“I don’t feel any pain. My feet do not hurt.
“I can walk down the path, over stones, through the dirt.”

Pete turned to Billy and said, “Thank you, my friend.
“Without you, I could not have enjoyed such an end.
“These shoes are fantastic, amazingly clever.
“I owe you big time. I owe you forever!”

“Forget it,” said Billy. “You’re like my own brother.
“That’s what friends do: they help out each other.”
Then Billy watched as Pete ran to and fro,
First going fast and then going slow.

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Children’s Story (Continued #6)

Now, three days seemed like forever to Pete,
When all he could think of were new shoes on his feet;
The minutes and hours passed slowly like snails,
As Pete kept track with three marks on three nails.

When the day finally came, he bounced and he wiggled,
He whooped and he hollered, he laughed and he giggled.
He flipped up his tail fourteen times in the air,
He would soon have those shoes for his tootsies to wear!

When Billy arrived to the lake on that day,
They both went to see what Magee had to say.
They walked right on up to the old wooden shack
And found a note stuck there with tape on the back:

“Dear Mr. Pete, your shoes are completed.
“Exactly exact as you said that you needed.
“I’ve now gone to see Mr. Goose ‘bout a hat,
“But you’ll find your new shoes just inside on the mat.”

Pete pushed on the door and his eyes started tight’ning,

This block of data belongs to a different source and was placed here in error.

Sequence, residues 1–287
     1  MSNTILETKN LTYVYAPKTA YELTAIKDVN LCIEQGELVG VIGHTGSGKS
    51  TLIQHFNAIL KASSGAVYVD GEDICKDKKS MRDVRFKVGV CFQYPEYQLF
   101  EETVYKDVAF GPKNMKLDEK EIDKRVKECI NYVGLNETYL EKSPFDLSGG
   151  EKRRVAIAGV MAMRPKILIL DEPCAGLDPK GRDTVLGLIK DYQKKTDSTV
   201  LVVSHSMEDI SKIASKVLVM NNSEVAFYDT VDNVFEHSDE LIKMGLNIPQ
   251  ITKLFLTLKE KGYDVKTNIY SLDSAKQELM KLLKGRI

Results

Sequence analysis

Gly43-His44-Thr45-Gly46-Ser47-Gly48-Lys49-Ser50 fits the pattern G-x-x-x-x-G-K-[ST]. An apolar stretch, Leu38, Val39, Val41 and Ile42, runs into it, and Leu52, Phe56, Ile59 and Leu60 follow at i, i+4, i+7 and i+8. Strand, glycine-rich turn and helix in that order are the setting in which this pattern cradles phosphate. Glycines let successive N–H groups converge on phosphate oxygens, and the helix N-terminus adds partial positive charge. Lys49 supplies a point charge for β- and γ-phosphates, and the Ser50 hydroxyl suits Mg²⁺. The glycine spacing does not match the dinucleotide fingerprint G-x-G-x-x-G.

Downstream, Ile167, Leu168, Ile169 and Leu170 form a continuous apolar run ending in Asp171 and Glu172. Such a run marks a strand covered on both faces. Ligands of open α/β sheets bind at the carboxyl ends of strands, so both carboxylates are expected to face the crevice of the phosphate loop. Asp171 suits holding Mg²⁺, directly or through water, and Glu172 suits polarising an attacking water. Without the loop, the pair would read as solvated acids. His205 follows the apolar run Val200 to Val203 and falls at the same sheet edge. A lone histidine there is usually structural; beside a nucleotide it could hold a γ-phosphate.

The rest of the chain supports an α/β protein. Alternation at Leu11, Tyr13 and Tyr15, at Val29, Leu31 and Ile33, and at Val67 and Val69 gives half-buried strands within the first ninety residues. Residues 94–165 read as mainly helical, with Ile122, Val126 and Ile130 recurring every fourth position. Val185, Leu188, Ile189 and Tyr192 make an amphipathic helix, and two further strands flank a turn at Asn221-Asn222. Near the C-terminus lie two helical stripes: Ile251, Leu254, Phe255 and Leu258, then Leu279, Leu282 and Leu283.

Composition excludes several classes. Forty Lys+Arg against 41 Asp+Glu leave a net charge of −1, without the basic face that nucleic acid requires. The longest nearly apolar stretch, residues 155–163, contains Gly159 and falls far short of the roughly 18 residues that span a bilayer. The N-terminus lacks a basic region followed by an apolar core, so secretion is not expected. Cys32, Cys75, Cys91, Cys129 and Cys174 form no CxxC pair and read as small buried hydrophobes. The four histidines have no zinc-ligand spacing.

What he saw there was like a bolt of bright light’ning;
Right near the door, sat his four brand new shoes,
Sky blue and green, and all ready to use.

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Children’s Story (Continued #5)

“Of course I will help you,” Magee finally said;
He tilted his glasses and scratched his white head.
“This job will be huge, enormous in fact,
“I must be quite certain I’m exactly exact!”

He lifted Pete’s legs and measured each foot,
With a tiny green inch worm he called Zagazoot.
Thirty six wriggles from toe nail to heel
Tickling Pete’s foot with an inchy inch feel.

Then Magee scribbled some notes in a book,
And asked Pete how he thought they should look.
“How about green and Summer Sky blue?
With tiny white stars. I think that will do!”

“To my workshop!” Magee said, as he leapt with a bound,
“To make you the four finest shoes in this town.”
“Come back to see me in three days,” he proposed
Then was gone from their sight as the door slowly closed.

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Children’s Story (Continued #4)

“He wears a long coat, with glasses and boots
“With grass growing on them in long narrow shoots.
“His white hair sticks up, you’ll see when we meet.
“I bet he can make you some shoes for your feet.”

Then Pete replied sadly, “But how will I pay?”
“I don’t have a checkbook, or cash, anyway.”
“No need to worry,” Billy said with a smirk.
“He only accepts apples as pay for his work.”

So off the two went to find apples and see,
If the shoes could be made by Old Man Magee.
They found the old shack on a huge pile of sand,
And knocked on the door with the apples in hand.

The old man appeared, let me tell you, oh brother!
A chicken in one arm, a rake in the other.
They gave him the apples, as payment in trade
Then told him why Pete needed shoes to be made.